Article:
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Hiring a seamstress — any sugesstions?

Kimberly_Bowman | Posted in The Archives on

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I am a designer who is over worked and in need of hiring a seamstress so that I can focus on other areas of my business. I just have no idea how to go about hiring someone for this position and how much should they be paid — what is the going rate? I have worked on the retail side of the business for 18 year and crossed over to the other side this past year due to being tired of selling inferior, non-fitting clothing! Up to this point I have done all the work myself — designing, pattern making, sewing, fitting, etc.. but I am at the point of being to busy to handle it all myself and I figure hiring a seamstress is the 1st place to start.
Does anyone have any suggestions on how to go about this? What is the going rate — hourly or per garment? I charge clients per garment based on formulas I learned when in design school but I am wondering if it works the same way for strickly sewing. If anyone has any suggestions, I would greatly appreciate it!!

Replies

  1. Karen_Vesk | | #1

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    Kimberly, this has been an ongoing topic of discussion among a few of my associates. One suggestion was (assuming you live in a larger urban area) to put up help-wanted ads in cafes/restaurants, which often have bulletin boards, in the local garment-production area in your locale.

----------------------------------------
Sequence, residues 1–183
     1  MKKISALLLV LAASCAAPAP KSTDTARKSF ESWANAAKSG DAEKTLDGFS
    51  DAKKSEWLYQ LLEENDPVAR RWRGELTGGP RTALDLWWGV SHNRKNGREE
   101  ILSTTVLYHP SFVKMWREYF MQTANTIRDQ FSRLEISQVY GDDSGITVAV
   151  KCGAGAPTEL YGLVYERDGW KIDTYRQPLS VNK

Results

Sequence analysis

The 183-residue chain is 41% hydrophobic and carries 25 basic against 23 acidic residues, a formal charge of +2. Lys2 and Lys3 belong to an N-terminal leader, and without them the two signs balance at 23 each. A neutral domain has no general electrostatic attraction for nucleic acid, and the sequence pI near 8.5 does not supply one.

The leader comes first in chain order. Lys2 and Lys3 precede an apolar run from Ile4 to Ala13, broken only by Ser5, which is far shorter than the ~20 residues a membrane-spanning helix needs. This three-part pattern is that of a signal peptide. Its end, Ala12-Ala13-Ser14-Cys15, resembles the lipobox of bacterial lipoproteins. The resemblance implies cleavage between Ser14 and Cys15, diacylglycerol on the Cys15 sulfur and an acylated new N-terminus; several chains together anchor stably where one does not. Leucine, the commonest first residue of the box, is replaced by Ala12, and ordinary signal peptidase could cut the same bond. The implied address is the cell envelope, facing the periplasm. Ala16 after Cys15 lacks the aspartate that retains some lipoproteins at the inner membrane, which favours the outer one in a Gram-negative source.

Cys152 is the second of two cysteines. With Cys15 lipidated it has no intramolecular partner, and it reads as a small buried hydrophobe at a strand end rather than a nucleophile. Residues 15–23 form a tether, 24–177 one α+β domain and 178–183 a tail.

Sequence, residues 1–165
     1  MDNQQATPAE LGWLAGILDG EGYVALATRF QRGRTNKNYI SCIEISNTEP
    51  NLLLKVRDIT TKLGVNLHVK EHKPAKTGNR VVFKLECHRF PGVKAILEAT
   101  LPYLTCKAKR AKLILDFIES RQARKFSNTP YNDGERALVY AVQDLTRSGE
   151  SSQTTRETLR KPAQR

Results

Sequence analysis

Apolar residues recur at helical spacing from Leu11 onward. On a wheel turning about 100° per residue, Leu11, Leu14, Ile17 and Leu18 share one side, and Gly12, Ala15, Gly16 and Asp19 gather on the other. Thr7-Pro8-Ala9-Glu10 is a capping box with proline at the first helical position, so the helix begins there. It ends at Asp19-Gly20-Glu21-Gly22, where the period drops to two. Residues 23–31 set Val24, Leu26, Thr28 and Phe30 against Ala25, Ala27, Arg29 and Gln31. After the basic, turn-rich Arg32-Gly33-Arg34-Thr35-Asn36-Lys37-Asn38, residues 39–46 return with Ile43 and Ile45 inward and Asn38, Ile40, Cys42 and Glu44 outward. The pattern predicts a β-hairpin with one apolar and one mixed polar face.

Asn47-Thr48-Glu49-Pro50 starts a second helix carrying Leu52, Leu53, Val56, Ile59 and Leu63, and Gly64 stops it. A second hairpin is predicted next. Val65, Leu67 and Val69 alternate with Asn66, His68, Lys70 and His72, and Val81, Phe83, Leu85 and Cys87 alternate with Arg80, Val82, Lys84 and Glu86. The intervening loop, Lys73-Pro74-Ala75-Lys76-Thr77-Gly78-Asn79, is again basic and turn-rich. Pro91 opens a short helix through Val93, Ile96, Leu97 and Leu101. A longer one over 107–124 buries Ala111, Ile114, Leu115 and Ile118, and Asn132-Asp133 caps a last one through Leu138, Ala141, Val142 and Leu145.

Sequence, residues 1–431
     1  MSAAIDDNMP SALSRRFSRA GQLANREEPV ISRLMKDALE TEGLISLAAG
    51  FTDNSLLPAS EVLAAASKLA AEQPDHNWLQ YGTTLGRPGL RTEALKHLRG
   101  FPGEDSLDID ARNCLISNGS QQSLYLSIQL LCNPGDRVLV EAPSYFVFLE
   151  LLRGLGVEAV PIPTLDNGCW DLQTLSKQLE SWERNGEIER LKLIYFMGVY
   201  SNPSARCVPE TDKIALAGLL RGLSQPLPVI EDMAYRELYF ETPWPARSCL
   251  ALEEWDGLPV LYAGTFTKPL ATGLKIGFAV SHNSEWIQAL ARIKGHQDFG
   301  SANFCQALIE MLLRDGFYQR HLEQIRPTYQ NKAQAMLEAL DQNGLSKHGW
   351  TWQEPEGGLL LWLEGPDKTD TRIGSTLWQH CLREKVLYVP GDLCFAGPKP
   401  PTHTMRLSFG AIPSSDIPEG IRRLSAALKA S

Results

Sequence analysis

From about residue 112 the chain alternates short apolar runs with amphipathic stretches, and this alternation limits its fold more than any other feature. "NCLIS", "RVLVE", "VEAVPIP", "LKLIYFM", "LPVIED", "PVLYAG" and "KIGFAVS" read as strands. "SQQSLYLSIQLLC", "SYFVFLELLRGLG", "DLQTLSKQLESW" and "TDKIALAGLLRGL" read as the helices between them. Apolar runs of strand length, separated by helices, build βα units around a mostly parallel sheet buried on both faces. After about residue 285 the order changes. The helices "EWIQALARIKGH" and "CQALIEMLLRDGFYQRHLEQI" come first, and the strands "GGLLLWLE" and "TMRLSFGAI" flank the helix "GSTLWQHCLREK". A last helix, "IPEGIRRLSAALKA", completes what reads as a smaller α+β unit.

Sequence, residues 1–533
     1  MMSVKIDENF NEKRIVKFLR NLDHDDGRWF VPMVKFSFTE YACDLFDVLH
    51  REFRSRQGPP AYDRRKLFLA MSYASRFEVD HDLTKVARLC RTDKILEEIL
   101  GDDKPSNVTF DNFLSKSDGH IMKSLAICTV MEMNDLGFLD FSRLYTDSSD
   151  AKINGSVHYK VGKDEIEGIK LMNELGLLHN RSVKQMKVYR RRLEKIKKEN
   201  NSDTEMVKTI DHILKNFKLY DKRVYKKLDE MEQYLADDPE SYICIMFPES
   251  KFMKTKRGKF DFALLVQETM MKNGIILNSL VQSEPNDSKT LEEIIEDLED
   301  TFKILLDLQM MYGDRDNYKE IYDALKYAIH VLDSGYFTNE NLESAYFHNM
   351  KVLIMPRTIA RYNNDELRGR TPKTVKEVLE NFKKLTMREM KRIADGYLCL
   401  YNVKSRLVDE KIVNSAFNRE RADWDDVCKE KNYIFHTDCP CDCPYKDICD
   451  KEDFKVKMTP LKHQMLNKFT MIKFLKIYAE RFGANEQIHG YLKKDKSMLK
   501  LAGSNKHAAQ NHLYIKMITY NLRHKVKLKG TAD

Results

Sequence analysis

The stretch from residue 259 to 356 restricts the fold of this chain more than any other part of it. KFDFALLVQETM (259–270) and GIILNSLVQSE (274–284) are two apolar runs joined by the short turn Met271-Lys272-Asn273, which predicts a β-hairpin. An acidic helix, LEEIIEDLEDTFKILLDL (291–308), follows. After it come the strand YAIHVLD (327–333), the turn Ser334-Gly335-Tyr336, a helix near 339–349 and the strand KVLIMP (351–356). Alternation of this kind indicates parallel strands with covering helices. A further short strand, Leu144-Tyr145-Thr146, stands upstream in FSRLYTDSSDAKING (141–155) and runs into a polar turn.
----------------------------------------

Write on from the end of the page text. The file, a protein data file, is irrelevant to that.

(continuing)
Pay may depend on whether they are using your equipment/facilities or yours; I have heard of some rather top-end stores in my area that pay incredibly low pay to piece-workers who work from their homes.

    One of my colleagues who does hire piece-workers cautioned two things: 1. YOu will have to keep a sharp eye on quality control; and 2. Beware of piece-workers who may use your patterns and set up shop on their own (this actually happened to her, and for some reason, she could not take legal action, I don't think she had contracts/non-competitive agreements in place).

    Please feel free to get in touch with me via my email address, I would love to hear how it evolves for you.

    1. silkscape_ | | #2

      *Hi!I do contract work for several designers that I found via the internet. It's worked out well for myself and my clients. Most of them I found on Sewing World, so you may wish to check there, especially if finding competent sewers in your immediate area turns out to be difficult. Usually, I am sent 2 contracts with time schedule and pay scale per piece. I sign one and return it, then mail back the completed project when finished. On a per piece basis, I usually end up making around my hourly rate of $18/hour, give or take a bit. In each case, the client asked me to complete a sample project (for which I was paid when the work was found satisfactory) before they sent me a full project package to work on. Hope this helps...dawn

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